Audit Rights / Limitation on CAM Look-Backs. When there is not a Fixed CAM in place, audits of CAMs have become a common expectation. This is at least partially driven by the cottage industry of CAMs-audit firms, often operating on contingency. As a furtherance of the reaction to the often long-range, multi-year CAM audits now seen, many leases now limit audit rights to one or two years. Otherwise, the only limitation is the applicable statute of limitations for written instruments in the state that governs the lease. A few states allow fifteen years or more for recovery of old payments, which has been an unpleasant surprise for certain long term occupants of centers.
Revisiting Lease Terms. In the current era, it is hard to talk about lease provisions without mentioning the current trend of successfully renegotiating current leases with lower rent. A phenomenon, that was largely unheard of before 2010. But given economic realities, it has become far more typical. Though still far from a happy bargain by a landlord. In trade for reduced base rent, some of the typical negotiating chips are extended terms, increased percentage rent, “re-allocation of rent” (lower now, higher escalation “bumps” later) and reduced square footage. Restructuring current leases has for some retailers reached a level of importance equal to that of new store development.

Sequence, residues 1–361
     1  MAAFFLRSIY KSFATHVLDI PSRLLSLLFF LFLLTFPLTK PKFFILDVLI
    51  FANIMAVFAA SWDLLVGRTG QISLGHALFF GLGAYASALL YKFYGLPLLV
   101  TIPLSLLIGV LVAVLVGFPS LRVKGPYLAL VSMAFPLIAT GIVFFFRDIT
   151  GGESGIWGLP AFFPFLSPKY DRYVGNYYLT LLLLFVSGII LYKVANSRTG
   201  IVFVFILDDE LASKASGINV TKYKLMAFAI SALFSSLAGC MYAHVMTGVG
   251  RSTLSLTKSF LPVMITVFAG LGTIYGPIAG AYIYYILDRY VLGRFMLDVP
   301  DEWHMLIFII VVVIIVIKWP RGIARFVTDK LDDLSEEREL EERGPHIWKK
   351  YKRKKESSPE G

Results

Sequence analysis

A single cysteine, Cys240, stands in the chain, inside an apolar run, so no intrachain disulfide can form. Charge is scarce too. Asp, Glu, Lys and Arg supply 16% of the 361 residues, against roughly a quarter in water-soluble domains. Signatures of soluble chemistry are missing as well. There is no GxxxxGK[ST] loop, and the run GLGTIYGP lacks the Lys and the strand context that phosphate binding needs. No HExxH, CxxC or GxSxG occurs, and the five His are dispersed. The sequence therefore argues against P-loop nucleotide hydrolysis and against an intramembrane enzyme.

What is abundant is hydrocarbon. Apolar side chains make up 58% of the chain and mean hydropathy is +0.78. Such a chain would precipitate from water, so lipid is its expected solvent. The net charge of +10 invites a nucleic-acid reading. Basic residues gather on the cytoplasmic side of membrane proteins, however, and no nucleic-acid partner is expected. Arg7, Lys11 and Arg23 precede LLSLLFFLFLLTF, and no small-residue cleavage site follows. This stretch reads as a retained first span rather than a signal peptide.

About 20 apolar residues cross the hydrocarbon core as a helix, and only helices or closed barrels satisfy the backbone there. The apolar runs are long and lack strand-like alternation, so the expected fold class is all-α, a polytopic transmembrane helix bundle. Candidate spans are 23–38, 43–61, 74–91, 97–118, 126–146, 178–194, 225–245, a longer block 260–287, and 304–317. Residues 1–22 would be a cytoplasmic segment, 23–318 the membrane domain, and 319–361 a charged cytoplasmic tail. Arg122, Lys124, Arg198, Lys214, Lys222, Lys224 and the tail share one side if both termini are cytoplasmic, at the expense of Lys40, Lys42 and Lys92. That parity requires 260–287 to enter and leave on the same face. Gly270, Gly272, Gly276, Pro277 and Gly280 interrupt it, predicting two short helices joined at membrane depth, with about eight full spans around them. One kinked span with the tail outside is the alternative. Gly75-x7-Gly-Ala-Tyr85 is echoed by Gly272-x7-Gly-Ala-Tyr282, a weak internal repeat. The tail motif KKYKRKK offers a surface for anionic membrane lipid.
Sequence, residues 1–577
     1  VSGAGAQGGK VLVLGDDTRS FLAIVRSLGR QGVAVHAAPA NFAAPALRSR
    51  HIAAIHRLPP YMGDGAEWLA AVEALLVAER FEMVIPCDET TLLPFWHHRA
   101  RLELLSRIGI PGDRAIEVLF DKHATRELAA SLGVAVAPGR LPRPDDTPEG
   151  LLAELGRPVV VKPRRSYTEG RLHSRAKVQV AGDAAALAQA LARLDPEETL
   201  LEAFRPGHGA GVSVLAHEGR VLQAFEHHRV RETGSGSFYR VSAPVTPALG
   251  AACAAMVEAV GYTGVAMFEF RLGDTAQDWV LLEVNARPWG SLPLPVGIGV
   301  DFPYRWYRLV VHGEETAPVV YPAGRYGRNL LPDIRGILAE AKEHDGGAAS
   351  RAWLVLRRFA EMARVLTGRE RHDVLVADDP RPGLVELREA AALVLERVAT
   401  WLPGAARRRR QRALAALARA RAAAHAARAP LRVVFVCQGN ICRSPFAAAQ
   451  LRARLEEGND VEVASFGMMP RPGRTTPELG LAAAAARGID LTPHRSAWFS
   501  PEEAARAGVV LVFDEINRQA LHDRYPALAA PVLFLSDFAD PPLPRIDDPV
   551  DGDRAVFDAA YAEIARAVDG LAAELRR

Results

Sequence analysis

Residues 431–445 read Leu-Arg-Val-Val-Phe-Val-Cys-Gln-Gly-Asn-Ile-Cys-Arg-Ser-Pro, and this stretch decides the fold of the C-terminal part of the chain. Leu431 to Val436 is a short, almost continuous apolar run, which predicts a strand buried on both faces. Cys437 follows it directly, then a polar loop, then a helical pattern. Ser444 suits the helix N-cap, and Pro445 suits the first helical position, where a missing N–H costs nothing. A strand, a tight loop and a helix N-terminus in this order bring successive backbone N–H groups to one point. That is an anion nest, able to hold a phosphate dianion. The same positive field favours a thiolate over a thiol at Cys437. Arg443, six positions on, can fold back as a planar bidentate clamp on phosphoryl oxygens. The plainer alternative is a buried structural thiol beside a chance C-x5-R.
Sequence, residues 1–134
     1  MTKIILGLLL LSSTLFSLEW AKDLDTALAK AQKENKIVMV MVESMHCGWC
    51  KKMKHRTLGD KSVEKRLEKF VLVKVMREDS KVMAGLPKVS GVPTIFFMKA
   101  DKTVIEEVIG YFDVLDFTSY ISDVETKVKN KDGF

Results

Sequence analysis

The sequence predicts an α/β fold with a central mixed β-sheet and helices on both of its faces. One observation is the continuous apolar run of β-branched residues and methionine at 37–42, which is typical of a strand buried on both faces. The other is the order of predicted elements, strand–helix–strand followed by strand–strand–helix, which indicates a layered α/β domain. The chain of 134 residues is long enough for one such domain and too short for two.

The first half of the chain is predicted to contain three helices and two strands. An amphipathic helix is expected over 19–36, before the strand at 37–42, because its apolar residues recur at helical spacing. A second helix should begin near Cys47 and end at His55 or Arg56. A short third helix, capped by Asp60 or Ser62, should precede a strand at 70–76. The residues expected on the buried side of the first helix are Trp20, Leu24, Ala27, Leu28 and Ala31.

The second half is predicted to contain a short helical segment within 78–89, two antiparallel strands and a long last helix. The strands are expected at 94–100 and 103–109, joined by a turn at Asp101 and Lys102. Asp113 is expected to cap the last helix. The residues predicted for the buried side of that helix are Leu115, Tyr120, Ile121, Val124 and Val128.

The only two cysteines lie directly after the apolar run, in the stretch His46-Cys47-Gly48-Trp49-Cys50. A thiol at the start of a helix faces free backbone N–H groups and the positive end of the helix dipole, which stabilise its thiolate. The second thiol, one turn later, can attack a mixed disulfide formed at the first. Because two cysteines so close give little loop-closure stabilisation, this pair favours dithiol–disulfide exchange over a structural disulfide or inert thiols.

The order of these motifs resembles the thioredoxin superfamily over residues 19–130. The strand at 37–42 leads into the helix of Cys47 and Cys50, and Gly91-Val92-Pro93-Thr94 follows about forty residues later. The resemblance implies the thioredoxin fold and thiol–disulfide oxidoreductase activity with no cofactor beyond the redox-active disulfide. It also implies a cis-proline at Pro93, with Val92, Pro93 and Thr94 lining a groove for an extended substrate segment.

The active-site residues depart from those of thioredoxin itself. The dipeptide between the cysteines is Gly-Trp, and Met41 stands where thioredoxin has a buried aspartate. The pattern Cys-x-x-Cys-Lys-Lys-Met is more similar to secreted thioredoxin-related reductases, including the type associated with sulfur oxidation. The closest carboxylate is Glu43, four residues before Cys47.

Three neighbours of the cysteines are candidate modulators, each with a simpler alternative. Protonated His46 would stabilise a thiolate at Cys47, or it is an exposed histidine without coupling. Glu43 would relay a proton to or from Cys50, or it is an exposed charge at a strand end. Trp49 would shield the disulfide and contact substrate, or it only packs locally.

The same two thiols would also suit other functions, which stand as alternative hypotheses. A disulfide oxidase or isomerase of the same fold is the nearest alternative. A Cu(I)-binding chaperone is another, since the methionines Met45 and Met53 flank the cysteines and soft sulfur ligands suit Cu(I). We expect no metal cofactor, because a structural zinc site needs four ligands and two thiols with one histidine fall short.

Tenant Improvement Allowances. As the competition for tenants has sometimes become fierce, with too often limited tenant interest for space, concessions have become more typical. Perhaps the most common of these are amounts available for tenant improvement allowances. Although such allowances have increased, the interest factor utilized as a part of the determination of rent has fallen. This was once a “profit center” for landlords — they could pass through an amortized expense plus a 10% – 15% return on the TI allowance given to a tenant. Whether it is the pressure to provide space, or the need to revamp and reconfigure space, this rate factor has come closer to the cost of borrowing over the past several years.
Also, between 2009 and 2011, landlords were asked to somehow secure TI allowances through escrow deposits, guarantieTrends in Leasing Arrangementss or Letters of Credit. But is now rare to win such concessions from a landlord.
Lease Guaranty. Perhaps it is purely anecdotal, but a request for a lease guaranty has seemingly become a more typical requirement. This means a financially solvent backer in each transaction. However, limitations, such as a rolling lease year, or “burn offs” after several years (where the guaranty is released) are often the trade-off given to stronger tenants who perform well.
Self-Branded Merchandise. One area of growth seems to be in self-branded merchandise, or “merch.” T-shirts, hats, almost anything with logos. While it is an additional product line, consideration has to be given to use clauses and restrictive covenants in favor of other tenants.
As the economy continues strong, retail will follow suit. Yet to remain competitive requires ever-changing focus, and staying ahead of the competition. The same as it ever was. Maybe nothing ever is really new.
Steve Kirkham is a partner at the law firm of Waller Lansden Dortch & Davis, which is based in Nashville.